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Question about NO3 and algae

Discussion in 'Aquatic Plant Fertilization' started by GillesF, Apr 7, 2011.

  1. GillesF

    GillesF Subscriber

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    Hi guys

    I have a question about Nitrate and algae. I know that fertilizers will not cause algae as long as your aquatic plants are growing well (no deficiencies). I also know that it is important to have a good balance between fertilizers, especially CO2 and light (which is not a fertilizer but rather an energy source).

    But what happens if you have normal lighting and start (for some odd reason) adding CO2, NO3, ... WITHOUT any plants in your tank? What will happen with the fertilizers? Will they induce algae blooms?

    Thanks for the help!
     
  2. Hallen

    Hallen Guru Class Expert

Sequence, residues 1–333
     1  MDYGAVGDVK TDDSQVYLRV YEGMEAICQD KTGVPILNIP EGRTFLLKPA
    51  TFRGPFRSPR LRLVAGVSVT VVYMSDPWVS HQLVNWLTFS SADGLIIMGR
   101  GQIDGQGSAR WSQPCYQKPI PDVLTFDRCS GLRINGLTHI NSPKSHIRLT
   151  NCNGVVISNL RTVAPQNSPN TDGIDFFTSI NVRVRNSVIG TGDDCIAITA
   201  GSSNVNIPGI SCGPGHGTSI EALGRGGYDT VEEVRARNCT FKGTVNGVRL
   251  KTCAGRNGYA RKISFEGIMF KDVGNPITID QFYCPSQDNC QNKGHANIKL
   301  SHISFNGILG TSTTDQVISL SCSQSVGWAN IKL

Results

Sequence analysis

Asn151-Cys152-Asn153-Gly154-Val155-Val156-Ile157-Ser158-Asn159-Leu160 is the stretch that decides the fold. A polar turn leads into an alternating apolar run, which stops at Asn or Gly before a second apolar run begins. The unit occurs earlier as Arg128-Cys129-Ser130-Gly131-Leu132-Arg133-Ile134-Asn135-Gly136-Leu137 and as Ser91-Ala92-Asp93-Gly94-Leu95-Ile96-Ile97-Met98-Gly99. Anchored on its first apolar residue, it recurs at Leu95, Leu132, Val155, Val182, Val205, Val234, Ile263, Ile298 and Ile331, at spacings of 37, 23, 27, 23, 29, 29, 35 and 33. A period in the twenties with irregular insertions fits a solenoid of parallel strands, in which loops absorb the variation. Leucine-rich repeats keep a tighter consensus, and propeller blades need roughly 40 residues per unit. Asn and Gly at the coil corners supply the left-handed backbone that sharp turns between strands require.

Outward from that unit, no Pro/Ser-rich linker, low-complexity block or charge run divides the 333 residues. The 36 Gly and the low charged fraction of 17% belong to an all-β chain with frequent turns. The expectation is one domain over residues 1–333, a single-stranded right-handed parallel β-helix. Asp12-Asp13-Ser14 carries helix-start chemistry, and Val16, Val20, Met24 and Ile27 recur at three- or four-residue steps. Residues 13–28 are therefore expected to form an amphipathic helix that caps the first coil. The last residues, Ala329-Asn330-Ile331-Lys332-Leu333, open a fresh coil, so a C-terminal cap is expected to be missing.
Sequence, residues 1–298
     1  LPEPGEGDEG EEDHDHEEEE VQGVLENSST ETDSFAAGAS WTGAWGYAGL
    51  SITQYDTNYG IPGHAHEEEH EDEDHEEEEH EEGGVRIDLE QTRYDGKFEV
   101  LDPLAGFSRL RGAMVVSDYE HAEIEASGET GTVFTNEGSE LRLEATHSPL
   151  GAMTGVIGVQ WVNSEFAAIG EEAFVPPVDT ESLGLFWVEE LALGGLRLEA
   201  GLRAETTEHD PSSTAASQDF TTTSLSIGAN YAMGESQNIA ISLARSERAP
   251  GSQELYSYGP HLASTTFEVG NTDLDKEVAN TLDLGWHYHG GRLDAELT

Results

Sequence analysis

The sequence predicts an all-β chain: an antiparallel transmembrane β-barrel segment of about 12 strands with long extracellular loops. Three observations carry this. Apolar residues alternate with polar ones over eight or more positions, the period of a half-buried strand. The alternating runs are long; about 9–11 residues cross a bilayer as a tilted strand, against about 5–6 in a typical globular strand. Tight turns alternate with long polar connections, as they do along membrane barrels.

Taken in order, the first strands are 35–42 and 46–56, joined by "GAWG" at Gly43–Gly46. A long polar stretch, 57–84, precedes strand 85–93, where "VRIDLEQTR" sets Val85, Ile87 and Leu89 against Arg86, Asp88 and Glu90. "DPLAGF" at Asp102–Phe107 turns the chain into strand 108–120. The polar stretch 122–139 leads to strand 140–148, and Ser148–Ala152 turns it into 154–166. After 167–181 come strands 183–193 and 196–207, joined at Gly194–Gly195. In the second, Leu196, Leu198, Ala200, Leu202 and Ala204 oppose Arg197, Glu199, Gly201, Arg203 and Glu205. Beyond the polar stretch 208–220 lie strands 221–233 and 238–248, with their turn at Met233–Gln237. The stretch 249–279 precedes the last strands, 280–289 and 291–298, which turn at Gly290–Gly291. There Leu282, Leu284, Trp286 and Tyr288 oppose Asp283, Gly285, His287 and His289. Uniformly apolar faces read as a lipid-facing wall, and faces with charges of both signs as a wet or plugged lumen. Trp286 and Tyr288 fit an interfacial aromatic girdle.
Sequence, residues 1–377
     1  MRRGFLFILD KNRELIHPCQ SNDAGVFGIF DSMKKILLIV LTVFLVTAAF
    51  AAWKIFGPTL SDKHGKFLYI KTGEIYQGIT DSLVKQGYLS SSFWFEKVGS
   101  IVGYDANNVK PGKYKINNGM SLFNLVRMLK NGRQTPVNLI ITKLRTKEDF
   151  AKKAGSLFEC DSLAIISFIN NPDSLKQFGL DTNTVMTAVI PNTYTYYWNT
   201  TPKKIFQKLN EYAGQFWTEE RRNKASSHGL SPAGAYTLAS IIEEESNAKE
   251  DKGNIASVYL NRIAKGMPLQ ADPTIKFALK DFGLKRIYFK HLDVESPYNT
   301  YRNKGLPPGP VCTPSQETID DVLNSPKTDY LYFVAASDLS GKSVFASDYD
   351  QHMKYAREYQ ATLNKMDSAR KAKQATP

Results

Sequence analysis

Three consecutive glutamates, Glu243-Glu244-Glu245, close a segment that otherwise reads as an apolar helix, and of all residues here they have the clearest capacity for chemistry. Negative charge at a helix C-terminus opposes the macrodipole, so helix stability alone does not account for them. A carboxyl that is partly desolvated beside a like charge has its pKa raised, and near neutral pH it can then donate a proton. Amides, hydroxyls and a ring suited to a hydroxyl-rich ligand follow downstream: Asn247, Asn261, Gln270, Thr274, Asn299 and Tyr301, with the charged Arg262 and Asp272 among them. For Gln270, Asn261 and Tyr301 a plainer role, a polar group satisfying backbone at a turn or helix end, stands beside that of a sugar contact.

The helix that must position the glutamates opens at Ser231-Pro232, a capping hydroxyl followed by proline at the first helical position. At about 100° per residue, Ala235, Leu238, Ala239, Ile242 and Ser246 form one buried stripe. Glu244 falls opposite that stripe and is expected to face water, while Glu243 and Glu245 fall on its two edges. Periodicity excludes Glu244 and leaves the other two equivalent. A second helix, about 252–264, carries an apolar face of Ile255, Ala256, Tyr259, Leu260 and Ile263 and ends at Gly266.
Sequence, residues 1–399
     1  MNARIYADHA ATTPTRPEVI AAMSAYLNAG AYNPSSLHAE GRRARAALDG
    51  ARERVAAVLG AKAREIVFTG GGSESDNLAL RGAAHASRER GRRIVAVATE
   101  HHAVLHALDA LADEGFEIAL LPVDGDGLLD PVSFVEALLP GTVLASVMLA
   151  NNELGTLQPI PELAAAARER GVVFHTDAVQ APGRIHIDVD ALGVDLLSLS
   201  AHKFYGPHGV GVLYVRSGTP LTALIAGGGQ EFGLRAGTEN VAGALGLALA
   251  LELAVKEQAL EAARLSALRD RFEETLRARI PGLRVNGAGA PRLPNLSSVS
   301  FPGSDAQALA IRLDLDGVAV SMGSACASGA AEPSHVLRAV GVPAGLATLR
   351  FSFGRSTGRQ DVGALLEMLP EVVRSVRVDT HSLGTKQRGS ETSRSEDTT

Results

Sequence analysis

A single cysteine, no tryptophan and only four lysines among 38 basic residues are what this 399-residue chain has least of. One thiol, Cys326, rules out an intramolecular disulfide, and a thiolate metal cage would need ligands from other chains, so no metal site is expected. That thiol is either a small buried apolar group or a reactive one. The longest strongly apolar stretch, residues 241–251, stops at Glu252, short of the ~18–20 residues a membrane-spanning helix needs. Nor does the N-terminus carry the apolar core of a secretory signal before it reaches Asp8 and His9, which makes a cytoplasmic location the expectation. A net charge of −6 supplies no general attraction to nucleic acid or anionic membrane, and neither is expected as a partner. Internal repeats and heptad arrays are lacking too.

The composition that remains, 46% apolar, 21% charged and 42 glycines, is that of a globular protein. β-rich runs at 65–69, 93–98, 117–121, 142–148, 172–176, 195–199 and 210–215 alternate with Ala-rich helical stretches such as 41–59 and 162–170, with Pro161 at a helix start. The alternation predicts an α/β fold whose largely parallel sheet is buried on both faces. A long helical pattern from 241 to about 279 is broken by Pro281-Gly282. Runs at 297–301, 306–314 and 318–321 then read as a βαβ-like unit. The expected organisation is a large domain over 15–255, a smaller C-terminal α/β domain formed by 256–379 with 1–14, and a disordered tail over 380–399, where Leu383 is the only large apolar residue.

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    Can't say I have tested it myself, but in theory nothing spectacular will happen. Algae already have non-limiting nutrients from your tapwater, therefore adding more doesnt make them grow faster or germinate :)
     
  3. Tom Barr

    Tom Barr Founder
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    Well, if the tap has has say 5ppom, then not much difference, but if the tap is like mine with zero NO3 and nice snow melt from a granite water shed? Then even a little can induce algae.

    For our purposes as aquarist, limiting algae by nutrients is a tough battle to attempt.
    With or without plants.
     
  4. Wet

    Wet Lifetime Members
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    Living in this imaginary world for a minute, I'd probably float some H. difformis/Wisteria in there and break off pieces as they became unwieldy. Maybe tuck some Hydrocotyle sp. or a pretty/twisty plant like HM or Rotala around the CO2 entry point if it's submerged. Easy stuff that's relatively low maint. Feed the fish to get fat because I'm already getting the two biggest macros for free.
     
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